Asalaykum Wa Rahmatullah,
The schools which you have listed are Islamic schools of thought but not all of them are necessarily Sunni.
The three main Sunni schools are:
The Ash'ari school is named after the eponymous founder, Abul Hassan Al-Ash'ari. He passed away 324H. His main objective was to find a rational middle-path between the way of the Mu'tazilites (non-Sunni sect) and the textual literalists. Many great Sunni scholars agreed with his theological ideas and followed him in his methodology including Al-Nawawi, Al-Ghazali, Al-Bayhaqi, Al-Juwayni, Al-Suyuti, Ibn-Asakir and many others. A large majority of the followers of the Shafi' and Maaliki jurisprudential schools of law embedded Ash'ari theology into their schools.
The Maturidi school is named after the eponymous founder, Abu Mansur Al-Maturidi. He passed away 333H. He had similar objectives to his contemporary Al Ash'ari as well as wanting to combine and codify the views of the Hanafi scholars as per the teaching of Imam Abu Hanifa and his disciples. The majority of the Hanafi scholars during and after his time adhered to his theological leanings.
The Ash'aris and Maturidis do not have many differences and Shaykh Saeed Foudah has a small booklet written in Arabic detailing the few differences. They welcome the use of rationality and seek to find a middle ground between using rational syllogisms for scripture that seems irrational on its surface. For example, there is a Hadith which states that God descends during the last third of every night. Pure rationalists will argue that this defies the attribute of God not being contained by space. Hence, they will reject this narration. However, the Asha'ris and Maturidis will attempt to reconcile this narration and not reject it outright. They will use external evidences as well as linguistic proofs in order to demonstrate that this means God's mercy (and in another opinion, the Angels) descend during the last third of the night. This way, they do not reject scripture and they do not compromise on breaking rational principles for God.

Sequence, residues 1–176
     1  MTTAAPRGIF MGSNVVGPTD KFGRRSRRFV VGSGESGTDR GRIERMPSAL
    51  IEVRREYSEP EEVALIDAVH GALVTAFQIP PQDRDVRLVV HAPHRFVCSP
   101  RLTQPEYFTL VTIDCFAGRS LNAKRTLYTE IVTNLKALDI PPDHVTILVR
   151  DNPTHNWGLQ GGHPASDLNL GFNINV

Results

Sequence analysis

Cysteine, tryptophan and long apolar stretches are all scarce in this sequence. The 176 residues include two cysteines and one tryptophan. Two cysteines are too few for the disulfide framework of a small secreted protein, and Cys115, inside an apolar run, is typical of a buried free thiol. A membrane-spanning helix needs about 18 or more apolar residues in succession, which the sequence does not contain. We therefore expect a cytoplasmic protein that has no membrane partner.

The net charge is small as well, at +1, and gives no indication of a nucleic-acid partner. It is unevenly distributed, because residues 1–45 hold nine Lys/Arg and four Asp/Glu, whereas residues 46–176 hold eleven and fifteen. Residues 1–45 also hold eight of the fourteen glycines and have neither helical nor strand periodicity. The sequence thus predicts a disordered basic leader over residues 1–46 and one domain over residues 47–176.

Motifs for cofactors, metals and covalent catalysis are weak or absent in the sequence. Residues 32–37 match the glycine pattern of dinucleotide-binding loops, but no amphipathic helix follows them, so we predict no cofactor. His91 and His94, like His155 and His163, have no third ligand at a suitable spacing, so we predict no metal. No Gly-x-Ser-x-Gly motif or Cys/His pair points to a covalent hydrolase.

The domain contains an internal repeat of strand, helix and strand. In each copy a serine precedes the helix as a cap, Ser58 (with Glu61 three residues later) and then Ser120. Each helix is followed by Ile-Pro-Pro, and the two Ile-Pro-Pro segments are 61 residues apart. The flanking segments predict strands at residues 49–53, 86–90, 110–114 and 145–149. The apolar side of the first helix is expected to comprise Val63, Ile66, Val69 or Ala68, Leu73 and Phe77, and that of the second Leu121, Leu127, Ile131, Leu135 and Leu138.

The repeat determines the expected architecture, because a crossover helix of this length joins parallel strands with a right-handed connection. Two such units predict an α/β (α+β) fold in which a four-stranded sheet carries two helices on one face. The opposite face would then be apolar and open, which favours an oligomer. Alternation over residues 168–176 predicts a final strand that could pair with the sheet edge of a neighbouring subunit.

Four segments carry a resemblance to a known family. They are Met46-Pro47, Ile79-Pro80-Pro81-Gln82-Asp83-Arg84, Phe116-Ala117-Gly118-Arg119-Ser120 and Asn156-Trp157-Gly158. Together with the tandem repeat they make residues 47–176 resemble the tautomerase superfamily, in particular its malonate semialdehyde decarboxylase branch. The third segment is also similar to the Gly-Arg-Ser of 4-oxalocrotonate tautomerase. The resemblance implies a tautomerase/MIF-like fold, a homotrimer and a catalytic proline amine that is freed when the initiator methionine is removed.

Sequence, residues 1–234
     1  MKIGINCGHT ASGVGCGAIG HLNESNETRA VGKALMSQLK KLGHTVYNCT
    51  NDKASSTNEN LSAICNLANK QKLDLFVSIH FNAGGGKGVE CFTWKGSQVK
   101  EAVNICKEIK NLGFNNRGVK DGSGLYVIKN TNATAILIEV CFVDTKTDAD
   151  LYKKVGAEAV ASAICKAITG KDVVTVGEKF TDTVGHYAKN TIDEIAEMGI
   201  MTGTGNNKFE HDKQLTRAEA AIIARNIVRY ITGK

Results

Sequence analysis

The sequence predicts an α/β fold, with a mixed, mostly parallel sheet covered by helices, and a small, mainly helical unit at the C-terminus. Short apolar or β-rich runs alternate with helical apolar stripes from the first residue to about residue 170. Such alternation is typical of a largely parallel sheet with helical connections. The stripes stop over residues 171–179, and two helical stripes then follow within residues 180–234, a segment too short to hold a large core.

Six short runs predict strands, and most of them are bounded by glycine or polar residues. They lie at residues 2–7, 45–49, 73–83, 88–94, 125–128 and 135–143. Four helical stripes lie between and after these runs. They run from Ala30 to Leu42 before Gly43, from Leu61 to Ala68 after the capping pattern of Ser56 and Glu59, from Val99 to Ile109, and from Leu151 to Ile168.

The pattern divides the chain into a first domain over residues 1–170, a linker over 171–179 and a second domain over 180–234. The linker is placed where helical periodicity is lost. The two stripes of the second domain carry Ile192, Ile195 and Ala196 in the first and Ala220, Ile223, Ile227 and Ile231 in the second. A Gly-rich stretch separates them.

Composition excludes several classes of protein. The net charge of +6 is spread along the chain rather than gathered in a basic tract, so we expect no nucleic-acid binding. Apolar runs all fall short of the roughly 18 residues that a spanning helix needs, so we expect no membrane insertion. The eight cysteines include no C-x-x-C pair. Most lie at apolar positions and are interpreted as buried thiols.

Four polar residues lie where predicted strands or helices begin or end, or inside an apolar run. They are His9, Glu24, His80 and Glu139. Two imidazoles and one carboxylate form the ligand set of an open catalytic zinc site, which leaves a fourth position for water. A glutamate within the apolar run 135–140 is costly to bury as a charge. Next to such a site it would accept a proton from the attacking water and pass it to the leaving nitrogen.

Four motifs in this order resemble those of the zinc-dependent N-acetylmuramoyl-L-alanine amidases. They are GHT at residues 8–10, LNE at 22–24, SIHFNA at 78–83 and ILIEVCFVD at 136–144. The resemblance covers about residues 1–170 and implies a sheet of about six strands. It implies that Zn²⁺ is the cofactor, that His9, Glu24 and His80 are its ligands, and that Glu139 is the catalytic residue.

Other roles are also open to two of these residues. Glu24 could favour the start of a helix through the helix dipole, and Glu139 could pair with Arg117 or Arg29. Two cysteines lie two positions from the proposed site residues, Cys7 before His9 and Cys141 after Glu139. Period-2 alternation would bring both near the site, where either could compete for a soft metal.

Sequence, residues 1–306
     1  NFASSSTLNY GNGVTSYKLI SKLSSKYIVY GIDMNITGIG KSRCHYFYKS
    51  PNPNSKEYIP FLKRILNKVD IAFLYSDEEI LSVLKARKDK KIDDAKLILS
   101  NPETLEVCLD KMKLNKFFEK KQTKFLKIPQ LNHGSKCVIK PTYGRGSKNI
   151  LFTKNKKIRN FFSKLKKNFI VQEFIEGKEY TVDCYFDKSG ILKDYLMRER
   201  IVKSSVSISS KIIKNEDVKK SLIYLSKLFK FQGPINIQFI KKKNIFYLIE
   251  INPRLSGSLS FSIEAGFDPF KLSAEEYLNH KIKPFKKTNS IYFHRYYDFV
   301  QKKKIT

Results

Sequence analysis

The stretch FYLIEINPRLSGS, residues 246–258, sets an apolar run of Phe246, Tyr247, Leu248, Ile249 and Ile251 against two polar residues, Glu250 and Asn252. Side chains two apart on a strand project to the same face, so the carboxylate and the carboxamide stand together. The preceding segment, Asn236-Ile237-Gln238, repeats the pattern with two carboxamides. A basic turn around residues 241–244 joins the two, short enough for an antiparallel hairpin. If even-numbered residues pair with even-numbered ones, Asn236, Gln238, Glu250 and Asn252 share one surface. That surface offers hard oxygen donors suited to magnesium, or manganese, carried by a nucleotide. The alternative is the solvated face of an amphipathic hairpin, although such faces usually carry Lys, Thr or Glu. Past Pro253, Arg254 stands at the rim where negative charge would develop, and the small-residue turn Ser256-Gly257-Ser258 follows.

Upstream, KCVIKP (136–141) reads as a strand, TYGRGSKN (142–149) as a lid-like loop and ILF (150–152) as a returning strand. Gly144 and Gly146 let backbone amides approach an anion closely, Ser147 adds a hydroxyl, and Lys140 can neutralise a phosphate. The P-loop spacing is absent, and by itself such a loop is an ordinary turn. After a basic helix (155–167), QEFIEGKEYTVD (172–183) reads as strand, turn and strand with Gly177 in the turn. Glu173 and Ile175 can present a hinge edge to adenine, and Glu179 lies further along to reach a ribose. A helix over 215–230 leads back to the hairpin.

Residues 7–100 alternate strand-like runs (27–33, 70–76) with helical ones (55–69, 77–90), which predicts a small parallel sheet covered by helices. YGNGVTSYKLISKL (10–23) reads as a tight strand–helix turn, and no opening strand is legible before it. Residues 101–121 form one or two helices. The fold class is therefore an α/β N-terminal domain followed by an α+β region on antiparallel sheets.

The Athari does not have an eponymous founder like the other two. Rather, the term Athari goes back to the triliteral root: Hamza, Thaa and Raa. The linguists define this as meaning a residue. Eventually, this came to be used for Islamic scripture. This would include sayings of the Prophet Muhammad PBUH, the sayings of his companions and sayings of the followers of the companions. The name is used to denominate a strong adherence to the text and to avoid extreme uses of analogies and metaphors. The champion of the school was the famous Imam Ahmad Bin Hanbal (died 241H) who was also the founder of the Hanbali school of law. This is why majority of the adherents to the Hanbali school of law would end up following this theological branch. Their theological approach was to not delve into the attributes of God but rather to defer the modality of the attributes of God to Him.